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Yet for all of its genteel and sophistication, tennis has gone through a rebellious metamorphosis over the past few years, one in which the grunts have turned into blood curdling screams and the on-court tantrums have become far more tawdry than anything McEnroe and Connors had to offer. Even the crowds have changed. It used to be an absolute sin for fans to talk loudly and move about the stands during points. Now it seems the rules and umpire cautions have softened so much that spectators are constantly chattering and entering and exiting the stadium as freely as they please.

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Yes, in an effort to increase viewership and make the sport more fan-friendly, tennis has seemingly dummied itself down to the likes of those other, less refined sports. After all, there’s no such thing as bad publicity, right?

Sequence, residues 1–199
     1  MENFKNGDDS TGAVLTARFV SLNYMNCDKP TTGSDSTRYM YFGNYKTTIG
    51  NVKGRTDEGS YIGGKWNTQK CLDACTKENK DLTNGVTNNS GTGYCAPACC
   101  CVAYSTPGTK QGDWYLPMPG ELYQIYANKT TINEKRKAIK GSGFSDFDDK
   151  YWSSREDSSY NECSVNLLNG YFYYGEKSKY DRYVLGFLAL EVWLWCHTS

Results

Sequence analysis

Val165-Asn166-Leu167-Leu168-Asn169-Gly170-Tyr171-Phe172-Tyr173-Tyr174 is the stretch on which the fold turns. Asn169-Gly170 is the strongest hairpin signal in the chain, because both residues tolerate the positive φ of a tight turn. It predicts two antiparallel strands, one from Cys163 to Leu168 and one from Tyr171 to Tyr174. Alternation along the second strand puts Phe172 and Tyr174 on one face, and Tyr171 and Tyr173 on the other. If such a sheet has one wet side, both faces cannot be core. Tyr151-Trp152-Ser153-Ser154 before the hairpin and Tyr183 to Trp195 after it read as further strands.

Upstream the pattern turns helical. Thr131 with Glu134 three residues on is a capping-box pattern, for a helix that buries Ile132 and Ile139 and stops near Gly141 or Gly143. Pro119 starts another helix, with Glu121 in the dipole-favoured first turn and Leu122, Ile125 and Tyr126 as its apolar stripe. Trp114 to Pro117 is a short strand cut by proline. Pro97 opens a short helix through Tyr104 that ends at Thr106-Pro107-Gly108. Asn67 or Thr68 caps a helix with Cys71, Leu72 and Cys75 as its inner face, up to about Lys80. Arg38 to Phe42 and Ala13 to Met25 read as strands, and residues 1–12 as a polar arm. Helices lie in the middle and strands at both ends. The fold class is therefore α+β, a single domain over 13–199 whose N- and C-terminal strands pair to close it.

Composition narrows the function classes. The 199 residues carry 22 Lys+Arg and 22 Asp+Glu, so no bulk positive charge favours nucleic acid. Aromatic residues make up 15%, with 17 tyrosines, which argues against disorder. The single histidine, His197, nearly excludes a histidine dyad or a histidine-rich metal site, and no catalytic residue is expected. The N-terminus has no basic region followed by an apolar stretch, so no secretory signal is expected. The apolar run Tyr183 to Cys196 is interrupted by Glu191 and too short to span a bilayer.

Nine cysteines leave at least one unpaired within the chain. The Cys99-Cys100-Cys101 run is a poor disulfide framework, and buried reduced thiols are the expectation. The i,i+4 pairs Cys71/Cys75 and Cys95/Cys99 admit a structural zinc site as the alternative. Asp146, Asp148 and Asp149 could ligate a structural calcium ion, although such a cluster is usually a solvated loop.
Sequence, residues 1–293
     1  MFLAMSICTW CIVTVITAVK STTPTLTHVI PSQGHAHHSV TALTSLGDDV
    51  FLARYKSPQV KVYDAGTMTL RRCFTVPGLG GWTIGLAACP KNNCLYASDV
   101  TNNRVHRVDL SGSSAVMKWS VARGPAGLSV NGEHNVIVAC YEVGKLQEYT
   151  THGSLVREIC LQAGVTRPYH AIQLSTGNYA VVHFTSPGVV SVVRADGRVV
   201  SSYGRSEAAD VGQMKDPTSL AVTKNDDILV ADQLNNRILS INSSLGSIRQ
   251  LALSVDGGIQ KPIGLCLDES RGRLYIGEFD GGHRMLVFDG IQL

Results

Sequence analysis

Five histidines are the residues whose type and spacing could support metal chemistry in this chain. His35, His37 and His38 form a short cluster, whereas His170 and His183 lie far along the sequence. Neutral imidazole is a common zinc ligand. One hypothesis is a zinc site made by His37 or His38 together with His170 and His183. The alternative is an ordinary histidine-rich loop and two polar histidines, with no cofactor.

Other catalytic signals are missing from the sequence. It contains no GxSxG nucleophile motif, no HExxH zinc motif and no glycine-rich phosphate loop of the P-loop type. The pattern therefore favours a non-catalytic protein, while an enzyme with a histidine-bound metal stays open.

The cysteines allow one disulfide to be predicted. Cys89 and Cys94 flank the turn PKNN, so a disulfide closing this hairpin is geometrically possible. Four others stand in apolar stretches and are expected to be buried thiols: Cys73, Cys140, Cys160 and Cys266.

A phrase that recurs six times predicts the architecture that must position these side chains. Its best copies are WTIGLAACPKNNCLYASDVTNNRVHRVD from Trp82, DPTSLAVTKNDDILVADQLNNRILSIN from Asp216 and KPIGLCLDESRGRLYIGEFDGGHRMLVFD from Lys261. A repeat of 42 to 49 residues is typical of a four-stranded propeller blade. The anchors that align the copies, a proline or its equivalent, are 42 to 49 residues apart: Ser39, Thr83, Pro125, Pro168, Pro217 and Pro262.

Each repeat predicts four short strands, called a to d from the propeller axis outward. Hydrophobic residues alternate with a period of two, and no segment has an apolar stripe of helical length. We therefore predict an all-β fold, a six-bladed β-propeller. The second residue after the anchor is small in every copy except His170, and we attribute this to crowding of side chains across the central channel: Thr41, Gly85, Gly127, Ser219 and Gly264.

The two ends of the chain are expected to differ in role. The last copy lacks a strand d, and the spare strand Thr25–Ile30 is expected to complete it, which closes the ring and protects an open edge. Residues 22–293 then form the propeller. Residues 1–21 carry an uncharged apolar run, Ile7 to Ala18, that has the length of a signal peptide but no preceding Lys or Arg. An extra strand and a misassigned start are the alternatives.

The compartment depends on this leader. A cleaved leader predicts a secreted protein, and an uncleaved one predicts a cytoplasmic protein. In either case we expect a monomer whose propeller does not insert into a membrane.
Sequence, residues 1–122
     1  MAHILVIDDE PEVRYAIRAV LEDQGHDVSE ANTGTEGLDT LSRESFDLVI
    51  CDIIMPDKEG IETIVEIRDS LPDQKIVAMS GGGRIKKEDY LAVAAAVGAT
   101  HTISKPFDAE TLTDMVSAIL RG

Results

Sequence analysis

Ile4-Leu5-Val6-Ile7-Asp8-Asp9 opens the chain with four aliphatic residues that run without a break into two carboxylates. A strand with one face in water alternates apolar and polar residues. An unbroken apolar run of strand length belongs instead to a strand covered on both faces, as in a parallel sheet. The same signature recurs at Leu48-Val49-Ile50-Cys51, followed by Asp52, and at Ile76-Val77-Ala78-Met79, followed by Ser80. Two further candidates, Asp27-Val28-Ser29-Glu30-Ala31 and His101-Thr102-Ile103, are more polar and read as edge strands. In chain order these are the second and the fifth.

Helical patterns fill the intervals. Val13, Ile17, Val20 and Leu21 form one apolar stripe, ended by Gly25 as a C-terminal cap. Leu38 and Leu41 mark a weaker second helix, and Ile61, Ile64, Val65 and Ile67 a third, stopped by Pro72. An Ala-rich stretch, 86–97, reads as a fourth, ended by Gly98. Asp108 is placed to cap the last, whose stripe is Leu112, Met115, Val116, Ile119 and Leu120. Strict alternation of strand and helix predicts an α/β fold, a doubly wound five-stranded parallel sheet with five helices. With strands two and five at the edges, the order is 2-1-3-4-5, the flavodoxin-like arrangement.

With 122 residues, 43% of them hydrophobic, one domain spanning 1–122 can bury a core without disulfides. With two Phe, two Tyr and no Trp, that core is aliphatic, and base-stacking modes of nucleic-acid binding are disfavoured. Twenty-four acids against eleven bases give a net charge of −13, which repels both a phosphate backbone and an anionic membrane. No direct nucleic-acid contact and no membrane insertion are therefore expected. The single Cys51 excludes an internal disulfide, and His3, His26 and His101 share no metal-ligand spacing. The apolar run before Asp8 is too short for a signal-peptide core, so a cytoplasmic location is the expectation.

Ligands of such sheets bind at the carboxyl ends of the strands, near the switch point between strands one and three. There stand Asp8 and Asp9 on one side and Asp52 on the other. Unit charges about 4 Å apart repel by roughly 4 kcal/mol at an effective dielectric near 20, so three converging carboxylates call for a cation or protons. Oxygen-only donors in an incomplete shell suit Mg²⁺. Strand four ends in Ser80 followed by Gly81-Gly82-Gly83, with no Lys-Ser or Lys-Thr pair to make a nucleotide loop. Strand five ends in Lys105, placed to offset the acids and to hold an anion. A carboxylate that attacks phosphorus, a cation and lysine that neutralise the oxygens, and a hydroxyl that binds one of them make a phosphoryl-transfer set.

Even with feats like the athletic dominance of Venus and Serena or the rise of the Big Four—Roger Federer, Rafael Nadal, Novak Djokovic and Andy Murray—the action on the court just hasn’t been enough to keep the popularity on par with other sports, especially in the U.S.

A winner at Wimbledon in 1987, Pat Cash once called tennis the b-word: boring. Six-time Grand Slam champ Boris Becker said the game was too politically correct and the passionate rivalries that once captivated the crowds had been replaced by fake, on-court friendliness. Even Federer, the Swiss Maestro and 17-time Grand Slam champion, told GQ Australia in 2014 that this generation of ATP players was often too nice to one other. Wait, is that the Roger Federer talking or Conor McGregor?

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Actually in the minds of some, Federer is not too far off in his suggestion. In his 2011 essay, “Tennis May Need a Few More Brawls,” Wall Street Journal columnist Jason Gay called for a more gritty form of court play, posing the question, “Would you watch more tennis if it got down and dirty like Jersey Shore?” While Snookie and the Situation haven’t steamrolled the court just yet, tennis has rolled up its sleeves and gotten a bit dirty in some areas of the game.